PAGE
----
His breath came in irregular huffs. It was hard to breath. The tank gauge was in the red. He was feeling panicked and desperate again.

“If you don’t want me, then let me go!” he screamed.

Was that dark blank face even regarding him? His mind was whirling and his skin prickling. He chest pumped painfully.

“What do you want?” he tried to say, croaking and spitting, his ears ringing. “What do you want?”

Again that feeling – you are not the one.

If not, then who? Who are you waiting for?






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I’ve mentioned…


I’ve mentioned before that our writer’s group; the Science Fiction, Fantasy, Horror, Speculative Fiction Writer’s Group, meets monthly.  Some of us write a story to share at the meeting, according to a theme that was set at the previous month’s meeting.  This past March the theme was a goulash so to speak — everyone suggested a ‘thing’ that had to appear in the story.  Some of these things were:  a poem, a conch, a dragon, a snowball, a drought, etc.  The fun was to try to fit all these ‘things’ into the story and have the story make some kind of sense.  Below was the story I wrote for the meeting.  Unfortunately I had a class that evening and couldn’t make the meeting so I don’t know if my story got read and I never heard the other stories contributed by our members.  I hope you enjoy it!

A Few of my Favorite Things

“Henry. Henry! Put that paper down and listen to me!”

Oh, do I have to? he thought. Does she ever stop?

“Henry! I don’t know why I ever married you. My parents told me I was a fool to marry you. My friends told me I was a fool to marry you. My drunken Uncle Edgar who no one credits with anything told me I was a fool to marry you and they were all right!”

“What do you have to complain about, Gladys? You don’t have to work. You spend your days at your women’s clubs or watching television.”

“My life should have been so much more than just languishing in this awful house next to that cesspool out back, just because you wanted a water view.”

It was true. He always gave in to Gladys except that one time. She wanted to buy a house near the fashionable neighborhood where her wanabe friends lived, but he held out for a water view. Except all he could afford was a house next to a salt water marsh at the Northern Shore.

She never forgave him.

“It stinks, Henry. Your cesspool stinks.”

It did. Two years of drought had dried up the small stream that fed the marsh. That and an exceptional low tide had wrung the moisture out of it and reduced it to a carpet of thick salty muck. Even the ducks had left for happier waters.

“So what, Gladys! So what!”

“I’ll tell you what, Henry! I’ve had enough. We’re going to move to a better neighborhood.”

“No we’re not, Gladys! We’re staying! I love it here. You can leave. Go ahead!”

She huffed in exasperation, her face almost purple.

“You make me live in this dreadful place, Henry. Why don’t you be merciful and just shoot me.”

In a reverie he thought:

Oh what joy

could me mine,

what fun,

if only it were

I owned a gun.

His reverie faded and he turned to her.

“I don’t own a gun, Gladys. Why don’t you buy me one.”

She popped out of her stuffed chair, a surprising move for someone her age and weight, and disappeared into the kitchen. He heard the freezer door open.

“Remember that stupid snowball you made, Henry?”

Oh, now what? he thought. The drought had been accompanied by warmer weather. The one time it snowed a couple inches he had run outside and gathered up a snowball to put in the freezer to remember what winter was supposed to be like. In their younger years she would have made one too, but this past winter she merely scoffed at him and complained about the ‘filthy’ ball of ice in the fridge. Over time it had congealed into a solid lump of gritty ice.

“Remember that snowball, Henry? Well here it is!”

She rushed into the living room and flung it at him. It sailed over his head and smashed a ceramic dragon on the bookshelf, the emblem of his social club: The Fraternal Order of Dragons. Pieces of the thing flew everywhere.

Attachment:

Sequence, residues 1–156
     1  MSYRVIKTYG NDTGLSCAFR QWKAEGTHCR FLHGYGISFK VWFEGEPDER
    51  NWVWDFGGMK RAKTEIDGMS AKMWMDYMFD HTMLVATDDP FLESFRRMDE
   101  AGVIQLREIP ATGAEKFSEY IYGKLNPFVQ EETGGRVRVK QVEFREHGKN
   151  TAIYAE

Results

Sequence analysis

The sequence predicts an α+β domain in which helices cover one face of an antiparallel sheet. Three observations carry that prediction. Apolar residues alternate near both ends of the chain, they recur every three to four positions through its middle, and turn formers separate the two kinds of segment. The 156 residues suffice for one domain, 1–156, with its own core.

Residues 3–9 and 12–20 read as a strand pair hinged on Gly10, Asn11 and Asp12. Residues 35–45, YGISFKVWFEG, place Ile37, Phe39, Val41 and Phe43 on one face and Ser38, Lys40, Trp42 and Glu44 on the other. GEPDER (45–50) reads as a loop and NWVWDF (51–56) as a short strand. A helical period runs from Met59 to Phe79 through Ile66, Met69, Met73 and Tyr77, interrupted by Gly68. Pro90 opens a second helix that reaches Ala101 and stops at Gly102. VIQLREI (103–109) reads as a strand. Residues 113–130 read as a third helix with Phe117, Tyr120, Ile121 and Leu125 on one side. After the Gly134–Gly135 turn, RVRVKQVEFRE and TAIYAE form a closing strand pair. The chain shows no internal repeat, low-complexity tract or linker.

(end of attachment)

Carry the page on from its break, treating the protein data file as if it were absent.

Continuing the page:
He jumped out of his stuffed chair nearly tipping it over.

“That’s my award, Gladys! My award!”

“Don’t be ridiculous, Henry. That’s no award. That thing is the pimple on the ass of your meaningless existence.”

He was a short overweight little man, but with surprising agility he scooped up the still intact snowball and hurled it at Gladys. It ricocheted off her forehead with the ‘k-knock’ noise of a wooden mallet and careened into a crucifix hanging on the wall. The crucifix broke apart, the vial of emergency extreme unction oil popping out like a depth charge, and the nailed Jesus figure detaching and gliding over their heads in a graceful swan dive.

Everything became deathly still, so still that Glady’s ridiculously tiny wind chimes hanging by the kitchen window could be heard faintly tinkling in the breeze.

Gladys slumped back into her chair, dazed and wide eyed, a red lump emerging on her forehead.

“I hope you’re satisfied, Gladys. I’m going for a walk. Good bye!”

Unbeknownst to them, a poisonous cone snail, usually the resident of tropical Pacific Ocean waters, had somehow found its way to Henry’s salt marsh. A victim of the drought, it left that dried-up muck and slimed its way in anger and revenge to their home, up the back of Glady’s chair and onto the coifed hair-sprayed helmet of her hair.

She never felt it until it inserted its proboscis into her ear and released its toxic dart like a harpoon.

Henry heard a bizarre noise and turned to look back down the road. There, in the front yard, Gladys was running in circles, flapping her arms about her head and hooting like a deranged owl.

“Oh, give it up, Gladys,” he muttered and continued on his walk.

A half-hour later, upon his return, he was mystified to find emergency vehicles in front of the house.

“Good afternoon, sir. Do you live here?” a polite police officer asked.

“Yes I do. Why do you ask? What’s all this about?”

“Are you related to Gladys Shrimpton?”

“Yes. She’s my wife. Why do you ask?”

“Would you come with us, Mr. Shrimpton? We have some questions we’d like to ask you.”

Baffled and confused, Henry allowed himself to be leaned against the police cruiser, frisked, handcuffed, and guided into the back seat.

The young couple that lived next door merely shook their heads in sadness. They were the ones who had called the authorities when they saw the prancing Gladys out on her front lawn suddenly pitch forward, heels over head, onto the ground, limbs twitching, foaming at the mouth, and a flow of blood dripping from her ear – the obvious result of a deep penetrating stab wound. Hard to believe of the sad little man next door.

“C’,mon,” the young husband said. “Let’s go in. Let’s be glad we’re not like those two.”

“Sure, honey,” the young wife said.

The door to their modest home closed without either of them noticing the mysterious trail of slime that had proceeded them across the threshold.